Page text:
We stayed at the Great Wolf Lodge. Our room had a simulated 'cabin' in it with bunk beds and a single bed. We also had a queen sized bed with a pull out sleeper. The Lodge has a couple of restaurants, a big arcade, a very nice animatronic display in the lobby where they do "story time" every night, and of course, the water parks, both incoor and outdoor. Then there is the attached three story Magiquest building, where kids can play for their entire visit, for one admission at the beginning of the stay.

As I was sitting there watching my kids enjoy the water parks at our hotel, I couldn't help but think that it would be a great place for DVC to expand to. Right now, we have a slew of DVC resorts in Florida, one in South Carolina, one in California, and one opening very soon (maybe it's open!) in Hawaii. For a midwestern Disney fan, they all have something in common: a plane trip. Oh, I know that lots of Chicagoans drive to Florida routinely, but for many of us, when you have a week off, you want to get there quickly. With Disney, the journey is not part of the attraction. The destination is.

If Disney were to open a DVC resort in that area, I believe we would patronize it quite a bit. We might even buy some points there. It's the type of place we could spend a long weekend at, or even on occasion stay for longer. (Though that might be the limiting factor - I don't think the Dells get a lot of full-week visitors.) The Great Wolf Lodge sells its own time-shares, as do a couple other big resorts (like the Wilderness Lodge). Why couldn't Disney get into the act in this family friendly tourist destination?

If I were Disney, I'd buy one of the existing resorts (there's a Polynesian Village and Water Park, for example), close it for a year, remodel the heck out of it, and turn it into a Disney resort! The Polynesian, for example, could maybe be modeled on Disney's Polynesian Resort at WDW, but with a huge water park, part of which is alreayd there. Then I'd start selling DVC memberships. A lot of midwesterners who don't see a point to buying DVC might change their minds if there was something considerably closer to home besides the WDW, DL and three other DVC resort destinations.


Wednesday, August 10, 2011


It seems when one reads the various blogs about Disney, there is a lot of commentary on two places: EPCOT and Tomorrowland in the Magic Kingdom or Disneyland. I would say this is probably because these are the areas that inspire - they are perhaps the best examples of the high-level imagineering that goes on when developing a theme park. When you talk to a Disney fan, it seems that often they came by their passion by visiting EPCOT as a child or a teen. Before that, it was probably one of the Tomorrowlands that inspired fans.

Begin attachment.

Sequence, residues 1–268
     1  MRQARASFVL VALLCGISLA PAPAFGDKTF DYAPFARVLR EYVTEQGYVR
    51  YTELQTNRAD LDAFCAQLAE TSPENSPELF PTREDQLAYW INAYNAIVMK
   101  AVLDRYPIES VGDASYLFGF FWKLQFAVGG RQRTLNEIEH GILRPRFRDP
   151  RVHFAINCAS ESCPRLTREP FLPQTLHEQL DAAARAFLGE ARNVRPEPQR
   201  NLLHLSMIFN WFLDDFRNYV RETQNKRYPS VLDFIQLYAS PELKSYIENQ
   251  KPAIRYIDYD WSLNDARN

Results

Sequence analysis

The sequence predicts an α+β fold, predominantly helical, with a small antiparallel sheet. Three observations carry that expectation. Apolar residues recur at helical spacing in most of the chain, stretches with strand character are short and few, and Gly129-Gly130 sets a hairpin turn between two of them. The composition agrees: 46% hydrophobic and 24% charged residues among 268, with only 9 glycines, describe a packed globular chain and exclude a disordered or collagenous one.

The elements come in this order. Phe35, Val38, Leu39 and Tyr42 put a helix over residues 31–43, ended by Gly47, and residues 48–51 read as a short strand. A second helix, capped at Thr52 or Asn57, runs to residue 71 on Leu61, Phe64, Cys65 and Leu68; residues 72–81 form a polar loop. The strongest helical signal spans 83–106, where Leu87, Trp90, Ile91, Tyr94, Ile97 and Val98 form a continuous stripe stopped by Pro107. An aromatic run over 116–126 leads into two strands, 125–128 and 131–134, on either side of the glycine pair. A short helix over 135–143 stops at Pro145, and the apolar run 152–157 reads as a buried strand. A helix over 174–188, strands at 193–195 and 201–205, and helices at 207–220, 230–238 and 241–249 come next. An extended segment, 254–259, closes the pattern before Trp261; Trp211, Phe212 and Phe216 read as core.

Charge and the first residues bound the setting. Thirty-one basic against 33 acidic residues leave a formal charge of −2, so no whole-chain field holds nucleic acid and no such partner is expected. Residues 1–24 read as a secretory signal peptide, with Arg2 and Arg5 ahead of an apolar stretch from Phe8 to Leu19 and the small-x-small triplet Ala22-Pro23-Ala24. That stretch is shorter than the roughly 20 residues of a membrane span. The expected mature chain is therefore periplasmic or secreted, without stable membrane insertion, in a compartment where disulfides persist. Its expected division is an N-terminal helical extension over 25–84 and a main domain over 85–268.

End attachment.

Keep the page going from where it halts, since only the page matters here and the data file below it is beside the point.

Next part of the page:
I've read a lot of "armchair imagineering" that reimagines the futuristic elements of Disney's park offerings, and it seems a common complaint is that they've become somewhat stale in their treatment of the futuristic themes. Or watered down, often, with attractions that are more for thrills or for character tie-ins than for any link to the future. I've done a bit of armchair imagineering myself back when I started this blog.

Anyway, it got me thinking. The future is about exploring new frontiers. Whether we humans are actually getting anywhere is debatable, but we certainly spend enough imagination thinking about the future. So what are those frontiers now?

Space, of course, remains a major frontier, one we've just barely touched on exploring. EPCOT touches on this frontier with the MISSION: SPACE attraction, and Tomorrowland is supposed to be all about a future where space travel is commonplace. It's a theme that is rich with possibilities. Science fiction writers still use human expansion into space as a major theme for their works.

Less popular, perhaps, but still a mystery to much of humanity, the oceans are another frontier. This environment offers challenges almost as harsh as exploration of space offers, and we know little about some parts of the deep oceans, including what sorts of creatures live there. When I think of the oceans, I always think of James Cameron's movie THE ABYSS. Other movies and books have dealt with the oceans as a frontier for our exploration also, but that's the one that jumps out at me.

A third frontier is the area under our feet. JOURNEY TO THE CENTER OF THE EARTH is of course the book and movie that jumps out at me. The world of caves and subterranean environment is a fascinating milieu, and we humans have often looked downward in our expansion efforts. Subways, basements, defensive installations, cave exploration and catacombs and graves are all ways we expand and utilize the underground frontier.

Does anyone have any other frontiers?

Do any of these frontiers excite you more than another?


Thursday, August 4, 2011

WDW - A Unique Place

I was reading the recent blog entry over at The World According To Jack with the sure-to-draw-interest title Should The City Of EPCOT Have Been Built?. It's an interesting question that is sure to bring out opinions, and judging by the fact that there are something like 40 comments (too many for me to read in the limited time I had), it is succeeding.

Jack's position seems to be that he'd rather have what Walt Disney World has become over the years, a vacation mecca with four parks, two water parks, golf courses, other attractions, and tons of really well done resorts. He points out, correctly I think, that if it had been built, we would likely not have the other three parks and many of the other things that make it into a vacation destination. We might well have something more like Disneyland Resort in California, and while that's a really nice place, it isn't a destination by itself.